An exhibition in Denver Art Museum celebrates Christian Dior’s gaze and his eternal love for women

Text by: Annarosa Laureti

It all began with a jacket, the Bar Jacket, shown during that magic and freezing morning on February 12, 1947, at the most Parisian of addresses, 30 Avenue Montaigne… and the rest is history.

The American editor-in-chief of Harper’s Bazaar Carmel Snow consecrated the master couturier as the creator of the “new look”. “It’s quite a revolution, dear Christian! Your dresses are wonderful, they have such a new look!” she said.

After the success reached at home, finally the designer decided to set sail to American Continent “to be aware of – as a Parisian couturier – not only the needs of French women, but also those of elegant women around the world.”

Starting his journey from the Big Apple – “the city that never sleeps” – and proceeding from Dallas to Los Angeles, from San Francisco to Chicago, Boston and Washington to the conquer of the New World, Christian Dior was applauded by everybody: first he was awarded, as the first Frenchman ever, with an “Oscar of fashion” by the department store Neiman Marcus in Dallas, then he became also the first French couturier to appear on the cover of Time magazine in 1957.

The designer’s creations fascinated American women, and American women charmed him as well, bonding in a close relationship that has not ended yet.

Harboring an endless love for California – “Was it not the earthly paradise of which all Americans and so many Europeans dreamed?” he wrote in his memoirs – Monsiuer Dior was involved in a truly ménage à trois with American West and American women when he began to dress up Hollywood actresses: Elizabeth Taylor, Grace Kelly, Rita Hayworth, Marilyn Monroe and, above all, Marlene Dietrich, a close friend of his and one of the first star who stepped the red carpet in Dior from the very start.

These ladies in Dior are the main characters of “Dior: From Paris to the World”, the exhibition organized by Denver Art Museum (DAM) as a sublime tribute to the visionary gaze of this incredible designer who has expressed, in a revolutionary way, a modern vision of femininity since his debut.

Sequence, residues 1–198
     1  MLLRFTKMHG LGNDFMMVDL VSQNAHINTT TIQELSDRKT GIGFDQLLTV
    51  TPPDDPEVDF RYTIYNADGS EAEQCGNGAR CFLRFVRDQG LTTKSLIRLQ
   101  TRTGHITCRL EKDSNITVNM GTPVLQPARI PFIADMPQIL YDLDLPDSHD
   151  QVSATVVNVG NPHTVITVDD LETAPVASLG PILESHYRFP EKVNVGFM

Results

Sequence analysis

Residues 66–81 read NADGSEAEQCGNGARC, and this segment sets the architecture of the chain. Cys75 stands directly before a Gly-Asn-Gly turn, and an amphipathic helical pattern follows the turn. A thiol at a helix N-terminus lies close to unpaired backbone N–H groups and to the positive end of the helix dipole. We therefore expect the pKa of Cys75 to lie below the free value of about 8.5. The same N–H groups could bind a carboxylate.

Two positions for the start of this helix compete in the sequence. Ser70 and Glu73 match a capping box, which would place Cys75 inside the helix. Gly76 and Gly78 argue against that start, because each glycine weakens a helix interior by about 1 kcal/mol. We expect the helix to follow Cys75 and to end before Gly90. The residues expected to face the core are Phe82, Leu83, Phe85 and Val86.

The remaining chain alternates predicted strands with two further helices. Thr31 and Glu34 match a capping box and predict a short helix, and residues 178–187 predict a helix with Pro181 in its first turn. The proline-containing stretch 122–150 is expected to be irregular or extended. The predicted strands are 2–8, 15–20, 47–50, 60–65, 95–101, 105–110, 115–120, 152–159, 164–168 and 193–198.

A selection of more than 200 haute couture dresses as well as accessories, photographs, videos, films and original sketches, toils and rare archival pieces too, tells, in a truly labyrinth designed by the architect Shohei Shigematsu, the Maison Dior’s history, linked not only to European and North American continents but also to South America, Asia and Africa.

As Florence Müller, curator of the exhibition, said, in fact, “He was the first to understand that from a very exclusive couture house, one catering to women of the highest elegance, he could conquer the planet.” 

hristian Dior, Bar suit, Haute Couture Spring-Summer 1947, Corolle line. Dior Héritage collection, Paris. ©Laziz Hamani.
Christian Dior, Palmyre, Haute Couture Fall-Winter 1952, Profilée line. Dior Héritage collection, Paris Inv. 1996.2 ©Laziz Hamani.
Yves Saint Laurent for Christian Dior, Bal Masqué. Haute Couture Spring-Summer 1958,Dior Héritage collection, Paris_ Inv. 1987.101 ©Laziz Hamani
Yves Saint Laurent for Christian Dior, Banco. Haute couture Spring-Summer 1958, Dior Héritage collection, Paris_ Inv. 1998.2 ©Laziz Hamani
Marc Bohan for Christian Dior, Haute Couture Spring-Summer 1967. Dior Héritage collection, Paris. Inv. 1993.29 ©Laziz Hamani.
Gianfranco Ferré for Christian Dior, Palladio, Haute Couture Spring-Summer 1992, Dior Héritage collection, Paris Inv. 1992.23 ©Laziz Hamani
ohn Galliano for Christian Dior, Haute couture Spring-Summer 2004. Dior Héritage collection, Paris. Inv. 2004.50. ©Laziz Hamani.
Raf Simons for Christian Dior, Haute Couture Fall-Winter 2012. Dior Héritage collection, Paris. Inv. 2013.56 ©Laziz Hamani.
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An exhibition that wants also to encourage audiences to think differently about the boundaries of fashion as art, made possible thanks to loans provided by the Dior Héritage archives and from collectors such as Hamish Bowles as well as from major American museums, including the Metropolitan Museum of Art in New York – the very first one to expose a Dior haute couture dress in 1948 – the Henry Ford Museum in Detroit and the Chicago History Museum.

“Dior: From Paris to the World” celebrates 70 years of creativity and avant-garde during which the couturier and his six successors, from the rooms of the “Studio of Reveries”, have made, and continue to make, women dream.

Cover: Christian Dior with models, about 1955. Photo André Gandner. ©Clémence Gandner

“Dior: From Paris to the World”

Denver Art Museum (DAM) , Denver

From November 18, 2018 to March 3, 2019